Friday, February 28, 2014

Review:The Baker's Boy by J.V. Jones

The king's chancellor and powerful sorcerer Baralis has been plotting for decades to rule the kingdom of Harvell and eventually create for himself an empire. He secretly fathered the heir Prince Kylock and is responsible for an injury to the king that leaves him unable to rule. Now Baralis turns his attentions to a former co-conspirator Lord Maybor who has plans of his own. Maybor wishes to have his daughter Melliandra marry Kylock and secure more power for himself. Something Baralis won't allow. Meanwhile an orphaned baker's apprentice Jack learns he may have powers of his own and must flee the castle that has been his home as Baralis will undoubtedly see him as a threat. Melliandra has no desire to wed Kylock and decides to run away herself.

A wiseman named Bevlin had foreseen events taking place in the present and had dispatched a young knight named Tawl on a vague quest to "find the boy". Tawl is imprisoned by the corrupt archbishop of Rorn. He is eventually released so the archbishop can try and figure out what he is up to. The archbishop also gets wind of Baralis' plans and is very uneasy about them.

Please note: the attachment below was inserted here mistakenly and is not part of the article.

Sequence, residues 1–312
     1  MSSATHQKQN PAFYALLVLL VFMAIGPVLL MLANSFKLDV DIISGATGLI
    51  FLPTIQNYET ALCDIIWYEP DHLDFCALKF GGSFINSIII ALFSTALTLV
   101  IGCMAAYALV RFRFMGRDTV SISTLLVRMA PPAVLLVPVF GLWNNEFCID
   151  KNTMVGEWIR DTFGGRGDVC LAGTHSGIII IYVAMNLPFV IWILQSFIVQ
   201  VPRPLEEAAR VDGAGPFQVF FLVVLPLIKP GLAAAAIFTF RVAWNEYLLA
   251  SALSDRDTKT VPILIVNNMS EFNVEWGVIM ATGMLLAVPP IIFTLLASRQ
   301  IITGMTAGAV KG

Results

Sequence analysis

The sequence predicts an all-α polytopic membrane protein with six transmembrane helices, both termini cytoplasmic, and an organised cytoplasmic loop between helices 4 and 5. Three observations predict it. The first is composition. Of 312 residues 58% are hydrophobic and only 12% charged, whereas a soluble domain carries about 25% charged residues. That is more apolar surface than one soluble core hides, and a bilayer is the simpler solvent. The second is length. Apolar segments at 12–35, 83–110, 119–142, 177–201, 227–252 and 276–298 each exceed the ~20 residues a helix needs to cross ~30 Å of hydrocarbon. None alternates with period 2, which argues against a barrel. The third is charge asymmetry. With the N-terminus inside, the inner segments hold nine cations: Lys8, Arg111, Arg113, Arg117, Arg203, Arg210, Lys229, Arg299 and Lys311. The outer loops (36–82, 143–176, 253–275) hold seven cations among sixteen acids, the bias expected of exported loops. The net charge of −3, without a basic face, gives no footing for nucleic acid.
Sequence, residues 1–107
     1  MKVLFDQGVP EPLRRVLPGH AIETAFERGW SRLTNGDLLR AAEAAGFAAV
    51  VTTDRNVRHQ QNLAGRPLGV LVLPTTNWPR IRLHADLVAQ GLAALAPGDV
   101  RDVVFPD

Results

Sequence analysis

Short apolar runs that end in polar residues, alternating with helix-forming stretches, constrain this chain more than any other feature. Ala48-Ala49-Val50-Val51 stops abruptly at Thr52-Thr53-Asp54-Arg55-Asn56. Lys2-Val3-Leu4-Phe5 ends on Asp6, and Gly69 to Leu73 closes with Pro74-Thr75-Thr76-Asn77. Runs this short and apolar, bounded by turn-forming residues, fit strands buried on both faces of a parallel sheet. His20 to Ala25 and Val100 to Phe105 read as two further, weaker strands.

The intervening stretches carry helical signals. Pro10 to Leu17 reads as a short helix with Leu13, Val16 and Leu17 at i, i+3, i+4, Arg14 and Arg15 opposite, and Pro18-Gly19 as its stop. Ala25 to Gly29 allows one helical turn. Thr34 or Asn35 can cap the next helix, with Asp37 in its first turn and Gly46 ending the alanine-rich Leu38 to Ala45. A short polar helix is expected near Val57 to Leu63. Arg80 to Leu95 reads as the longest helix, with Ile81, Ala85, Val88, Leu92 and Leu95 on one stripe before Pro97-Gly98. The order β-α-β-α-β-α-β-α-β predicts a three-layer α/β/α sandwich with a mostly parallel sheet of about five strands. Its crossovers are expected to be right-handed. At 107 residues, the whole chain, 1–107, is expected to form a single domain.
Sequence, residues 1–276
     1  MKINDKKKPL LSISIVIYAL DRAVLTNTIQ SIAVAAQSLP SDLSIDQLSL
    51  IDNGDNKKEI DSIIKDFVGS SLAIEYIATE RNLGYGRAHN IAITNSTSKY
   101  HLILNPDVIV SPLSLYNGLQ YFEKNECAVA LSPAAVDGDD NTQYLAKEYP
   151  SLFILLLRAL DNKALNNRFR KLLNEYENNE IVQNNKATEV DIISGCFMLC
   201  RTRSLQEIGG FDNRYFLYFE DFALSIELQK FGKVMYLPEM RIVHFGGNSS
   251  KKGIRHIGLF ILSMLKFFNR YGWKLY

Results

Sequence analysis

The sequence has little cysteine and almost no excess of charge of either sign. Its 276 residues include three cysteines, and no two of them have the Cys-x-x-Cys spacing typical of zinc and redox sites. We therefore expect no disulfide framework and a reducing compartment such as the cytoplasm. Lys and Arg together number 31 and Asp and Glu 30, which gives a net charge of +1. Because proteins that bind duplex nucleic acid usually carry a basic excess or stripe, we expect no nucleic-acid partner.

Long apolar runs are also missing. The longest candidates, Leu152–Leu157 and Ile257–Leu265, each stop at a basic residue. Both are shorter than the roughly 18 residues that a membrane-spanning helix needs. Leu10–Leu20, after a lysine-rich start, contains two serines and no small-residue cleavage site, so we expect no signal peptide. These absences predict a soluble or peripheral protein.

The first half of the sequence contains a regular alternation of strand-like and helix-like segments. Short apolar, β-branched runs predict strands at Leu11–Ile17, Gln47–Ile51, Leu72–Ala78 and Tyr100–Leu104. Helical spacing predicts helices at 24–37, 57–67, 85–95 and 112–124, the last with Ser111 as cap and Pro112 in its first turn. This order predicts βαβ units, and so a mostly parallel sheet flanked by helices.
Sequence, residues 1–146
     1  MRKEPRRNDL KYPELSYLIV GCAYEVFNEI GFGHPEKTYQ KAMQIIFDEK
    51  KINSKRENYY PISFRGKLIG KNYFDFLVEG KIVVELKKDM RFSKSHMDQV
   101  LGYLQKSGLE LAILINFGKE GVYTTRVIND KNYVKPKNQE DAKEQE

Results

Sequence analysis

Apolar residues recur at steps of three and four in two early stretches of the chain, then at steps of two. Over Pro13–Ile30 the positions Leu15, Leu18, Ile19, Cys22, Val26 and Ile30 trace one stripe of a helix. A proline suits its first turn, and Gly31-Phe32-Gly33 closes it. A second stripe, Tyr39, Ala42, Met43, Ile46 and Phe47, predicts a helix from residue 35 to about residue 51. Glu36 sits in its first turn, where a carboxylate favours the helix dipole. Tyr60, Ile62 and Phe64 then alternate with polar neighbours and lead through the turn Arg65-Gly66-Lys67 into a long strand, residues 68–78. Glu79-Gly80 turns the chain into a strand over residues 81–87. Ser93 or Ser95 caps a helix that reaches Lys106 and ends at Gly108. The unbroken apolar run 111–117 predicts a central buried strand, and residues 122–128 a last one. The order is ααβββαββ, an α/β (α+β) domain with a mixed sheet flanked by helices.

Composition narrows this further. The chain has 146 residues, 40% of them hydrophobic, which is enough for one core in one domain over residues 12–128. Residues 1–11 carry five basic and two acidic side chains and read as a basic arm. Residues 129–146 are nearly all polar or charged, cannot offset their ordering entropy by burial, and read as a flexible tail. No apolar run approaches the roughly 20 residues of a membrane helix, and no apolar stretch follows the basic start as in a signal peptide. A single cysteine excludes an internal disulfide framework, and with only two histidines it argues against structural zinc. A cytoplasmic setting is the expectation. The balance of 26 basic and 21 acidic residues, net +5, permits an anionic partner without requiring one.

At first glance the Baker's Boy might appear to be a combination of standard fantasy stereotypes. This is certainly not the case. What I found extremely refreshing is that the plot focussed on the three villians, Baralis, Maybor and the archbishop and their plots as well as how they play spoiler to the  three heroes. However I did have some trouble with the characterization for the three as they are all too much like stereotypical villains and can lack a degree of complexity. For example the archbishop is portrayed as glutton in almost every scene he appears in and they all seem to suffer from an unrealistic overconfidence. Oddly enough the only villain who doesnt seem to fall into this trap is Baralis assisant and I'm curious to see how he develops.

Pacing is very well controlled and the world-building is interesting as well.

Overall I enjoyed the different approach by focusing on the villains' various schemes but bit more complexity in their characterization would have been a great touch. 7.5/10.

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